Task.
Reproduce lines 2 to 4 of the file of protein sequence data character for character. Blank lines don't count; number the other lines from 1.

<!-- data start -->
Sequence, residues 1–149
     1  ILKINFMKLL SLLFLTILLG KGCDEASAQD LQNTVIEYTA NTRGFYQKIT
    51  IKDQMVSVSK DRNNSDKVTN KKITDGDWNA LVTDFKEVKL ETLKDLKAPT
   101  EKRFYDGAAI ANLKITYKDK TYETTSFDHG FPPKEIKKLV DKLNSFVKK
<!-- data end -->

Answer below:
     1  ILKINFMKLL SLLFLTILLG KGCDEASAQD LQNTVIEYTA NTRGFYQKIT
    51  IKDQMVSVSK DRNNSDKVTN KKITDGDWNA LVTDFKEVKL ETLKDLKAPT
   101  EKRFYDGAAI ANLKITYKDK TYETTSFDHG FPPKEIKKLV DKLNSFVKK